When you think of the Seychelles you would probably conjure up images of golden beaches, leaning palm trees and azure waters.
Whilst we did enjoy our fair share of these particular tropical island delights, we also decided to venture beyond the stereotypical image that you see in the holiday brochures. There is so much more to these islands than just the beach.
Our base for the week was on Cote d’Or on the north coast of Praslin. The first morning we were there we took a stroll down the road and found the Praslin Museum. Apart from not remembering all the names of the endemic plant species that were growing there, many of which are used in herbal medicines, we also saw an enclosure of bats.
In the Seychelles there is an abundance of Fruit Bats, Pteropus seychellensis, which are commonly seen flying in the early evening – thankfully way up high in the sky. Now I am not a big fan of bats, but I went inside their enclosure for a closer look, nevertheless.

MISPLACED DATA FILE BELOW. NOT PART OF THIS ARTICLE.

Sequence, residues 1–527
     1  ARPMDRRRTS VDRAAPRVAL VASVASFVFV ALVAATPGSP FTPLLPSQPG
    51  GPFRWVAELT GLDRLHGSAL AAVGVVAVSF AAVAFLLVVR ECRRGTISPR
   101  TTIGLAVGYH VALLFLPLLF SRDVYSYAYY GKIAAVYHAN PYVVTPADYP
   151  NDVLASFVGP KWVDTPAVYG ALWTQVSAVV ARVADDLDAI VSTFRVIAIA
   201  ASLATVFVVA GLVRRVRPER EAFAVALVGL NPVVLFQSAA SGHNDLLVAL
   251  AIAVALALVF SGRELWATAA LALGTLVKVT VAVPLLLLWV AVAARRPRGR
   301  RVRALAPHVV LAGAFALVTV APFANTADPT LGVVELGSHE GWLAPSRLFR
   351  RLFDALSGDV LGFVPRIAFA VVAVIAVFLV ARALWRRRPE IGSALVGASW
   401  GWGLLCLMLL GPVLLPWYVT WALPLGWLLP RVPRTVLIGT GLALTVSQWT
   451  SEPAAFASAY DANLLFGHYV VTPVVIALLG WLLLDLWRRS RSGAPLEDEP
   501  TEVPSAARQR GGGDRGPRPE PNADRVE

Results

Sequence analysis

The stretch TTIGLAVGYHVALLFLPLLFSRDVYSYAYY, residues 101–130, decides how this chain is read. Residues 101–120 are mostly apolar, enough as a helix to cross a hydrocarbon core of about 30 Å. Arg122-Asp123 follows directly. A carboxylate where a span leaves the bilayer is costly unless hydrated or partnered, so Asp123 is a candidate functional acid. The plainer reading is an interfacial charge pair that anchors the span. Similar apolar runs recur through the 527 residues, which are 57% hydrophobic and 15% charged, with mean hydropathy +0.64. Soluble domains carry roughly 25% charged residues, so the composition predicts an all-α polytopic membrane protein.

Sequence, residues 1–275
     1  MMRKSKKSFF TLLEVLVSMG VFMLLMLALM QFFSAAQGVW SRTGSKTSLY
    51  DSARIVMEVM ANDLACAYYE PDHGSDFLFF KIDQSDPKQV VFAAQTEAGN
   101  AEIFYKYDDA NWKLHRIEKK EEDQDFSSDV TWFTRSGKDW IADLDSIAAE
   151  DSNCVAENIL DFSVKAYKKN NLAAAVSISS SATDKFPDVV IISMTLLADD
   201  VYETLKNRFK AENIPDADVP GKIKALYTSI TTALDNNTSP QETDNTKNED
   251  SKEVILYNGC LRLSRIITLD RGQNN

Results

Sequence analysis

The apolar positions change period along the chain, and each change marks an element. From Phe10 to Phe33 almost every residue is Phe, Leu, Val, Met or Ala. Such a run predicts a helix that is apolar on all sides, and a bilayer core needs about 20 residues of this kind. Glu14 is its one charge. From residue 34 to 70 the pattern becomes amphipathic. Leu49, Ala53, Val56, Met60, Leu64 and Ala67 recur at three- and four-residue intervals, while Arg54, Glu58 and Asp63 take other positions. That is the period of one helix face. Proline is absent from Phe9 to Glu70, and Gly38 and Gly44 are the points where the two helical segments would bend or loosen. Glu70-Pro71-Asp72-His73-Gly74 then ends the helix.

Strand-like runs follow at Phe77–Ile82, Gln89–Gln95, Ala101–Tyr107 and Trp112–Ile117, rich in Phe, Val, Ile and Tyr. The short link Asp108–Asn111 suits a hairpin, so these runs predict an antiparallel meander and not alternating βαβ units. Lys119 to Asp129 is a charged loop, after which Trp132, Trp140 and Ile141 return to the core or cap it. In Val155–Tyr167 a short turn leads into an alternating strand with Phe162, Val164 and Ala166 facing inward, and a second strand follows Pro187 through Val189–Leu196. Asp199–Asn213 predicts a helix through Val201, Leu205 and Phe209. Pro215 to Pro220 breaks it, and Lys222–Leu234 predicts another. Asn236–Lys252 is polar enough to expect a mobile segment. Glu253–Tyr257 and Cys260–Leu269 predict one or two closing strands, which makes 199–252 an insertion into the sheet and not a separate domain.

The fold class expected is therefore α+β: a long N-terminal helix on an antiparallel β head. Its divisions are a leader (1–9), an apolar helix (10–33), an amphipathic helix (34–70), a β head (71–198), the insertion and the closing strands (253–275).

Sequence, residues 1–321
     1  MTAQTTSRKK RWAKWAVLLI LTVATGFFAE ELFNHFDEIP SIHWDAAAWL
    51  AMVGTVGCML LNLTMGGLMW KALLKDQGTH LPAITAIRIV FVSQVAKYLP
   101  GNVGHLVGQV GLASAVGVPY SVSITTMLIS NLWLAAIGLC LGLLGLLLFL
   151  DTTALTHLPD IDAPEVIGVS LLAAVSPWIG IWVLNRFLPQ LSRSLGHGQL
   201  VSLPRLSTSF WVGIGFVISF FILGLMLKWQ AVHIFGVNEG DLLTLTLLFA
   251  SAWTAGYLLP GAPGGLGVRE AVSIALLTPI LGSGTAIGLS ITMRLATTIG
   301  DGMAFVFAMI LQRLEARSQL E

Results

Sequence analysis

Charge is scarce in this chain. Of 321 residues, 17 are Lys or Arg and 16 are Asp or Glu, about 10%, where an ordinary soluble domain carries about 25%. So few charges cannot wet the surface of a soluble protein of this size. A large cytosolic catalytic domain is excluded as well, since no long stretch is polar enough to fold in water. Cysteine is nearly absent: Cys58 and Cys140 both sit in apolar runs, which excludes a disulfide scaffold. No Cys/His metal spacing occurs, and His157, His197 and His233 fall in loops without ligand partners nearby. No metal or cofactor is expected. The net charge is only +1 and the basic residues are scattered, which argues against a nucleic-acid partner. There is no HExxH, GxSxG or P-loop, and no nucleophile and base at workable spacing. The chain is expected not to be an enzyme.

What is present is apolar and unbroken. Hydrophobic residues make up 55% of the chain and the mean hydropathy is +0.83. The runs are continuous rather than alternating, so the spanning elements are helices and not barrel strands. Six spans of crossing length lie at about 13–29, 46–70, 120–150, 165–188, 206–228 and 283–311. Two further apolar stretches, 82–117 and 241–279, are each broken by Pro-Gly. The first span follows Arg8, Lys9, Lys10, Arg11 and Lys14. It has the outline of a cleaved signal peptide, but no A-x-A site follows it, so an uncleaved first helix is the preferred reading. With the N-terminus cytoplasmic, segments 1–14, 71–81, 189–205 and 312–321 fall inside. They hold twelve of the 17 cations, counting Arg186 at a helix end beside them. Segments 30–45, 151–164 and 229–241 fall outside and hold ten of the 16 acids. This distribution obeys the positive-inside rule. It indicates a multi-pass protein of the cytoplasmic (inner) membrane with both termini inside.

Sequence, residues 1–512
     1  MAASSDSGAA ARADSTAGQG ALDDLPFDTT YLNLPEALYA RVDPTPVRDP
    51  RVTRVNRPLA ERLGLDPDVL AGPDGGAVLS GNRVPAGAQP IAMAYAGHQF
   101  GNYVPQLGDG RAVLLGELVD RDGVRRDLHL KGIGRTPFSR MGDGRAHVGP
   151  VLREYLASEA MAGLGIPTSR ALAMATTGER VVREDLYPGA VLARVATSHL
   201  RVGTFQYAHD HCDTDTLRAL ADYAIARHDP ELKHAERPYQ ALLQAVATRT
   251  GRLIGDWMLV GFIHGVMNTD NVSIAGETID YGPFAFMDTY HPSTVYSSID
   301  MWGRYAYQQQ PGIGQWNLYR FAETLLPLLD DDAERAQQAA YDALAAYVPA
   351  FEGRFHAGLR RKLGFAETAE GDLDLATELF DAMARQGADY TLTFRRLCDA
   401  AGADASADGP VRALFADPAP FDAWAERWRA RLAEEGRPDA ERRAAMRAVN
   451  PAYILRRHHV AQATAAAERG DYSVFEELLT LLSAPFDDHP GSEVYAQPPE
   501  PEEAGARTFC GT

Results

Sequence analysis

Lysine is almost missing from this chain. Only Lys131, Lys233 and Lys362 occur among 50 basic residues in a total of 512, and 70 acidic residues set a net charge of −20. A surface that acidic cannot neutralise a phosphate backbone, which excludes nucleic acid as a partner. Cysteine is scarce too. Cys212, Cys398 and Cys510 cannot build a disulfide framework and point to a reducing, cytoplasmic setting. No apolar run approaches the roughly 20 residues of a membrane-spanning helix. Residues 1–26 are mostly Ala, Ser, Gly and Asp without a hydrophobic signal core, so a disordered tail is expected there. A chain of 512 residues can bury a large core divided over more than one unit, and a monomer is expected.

In South Africa, they are known as Vler Muis (Flying Mouse) in Afrikaans, but these bats are somewhat larger than I would expect a mouse to be. However, I can see how that would relate to the smaller insectivorous bats, which are more common in SA.
[Side Note: Adele ain't got nuffink on you, girl...]
Later in the week, we collected a brochure at Vallee de Mai – in German (it was either that or Italian as all the French and English brochures were out of print). We were amused to see that the name for a bat in German is Flughund – Flying Dog. Now that makes more sense and shows these bats off in a whole new light I might even consider them to be cute!
Whether in the Seychelles, South Africa or anywhere else in the world, bats are vital for agriculture. Despite always getting a bad rap – they are actually far more beneficial than they are a nuisance. Two articles on the subject can be found on the Science in Africa and KZN Wildlife websites.
Fruit bats only eat ripe fruit, so do a great job of cleaning up after the fruit-pickers have despatched their crops to the market – before those pesky fruit flies move in. Similarly, insectivorous bats scoff up all those unwanted flying pests, like mosquitoes. How could that possibly be a bad thing!?
I do believe that after seeing these bats as cute, flying woofies and reading up about them, I have a new found appreciation for these much maligned creatures of the night.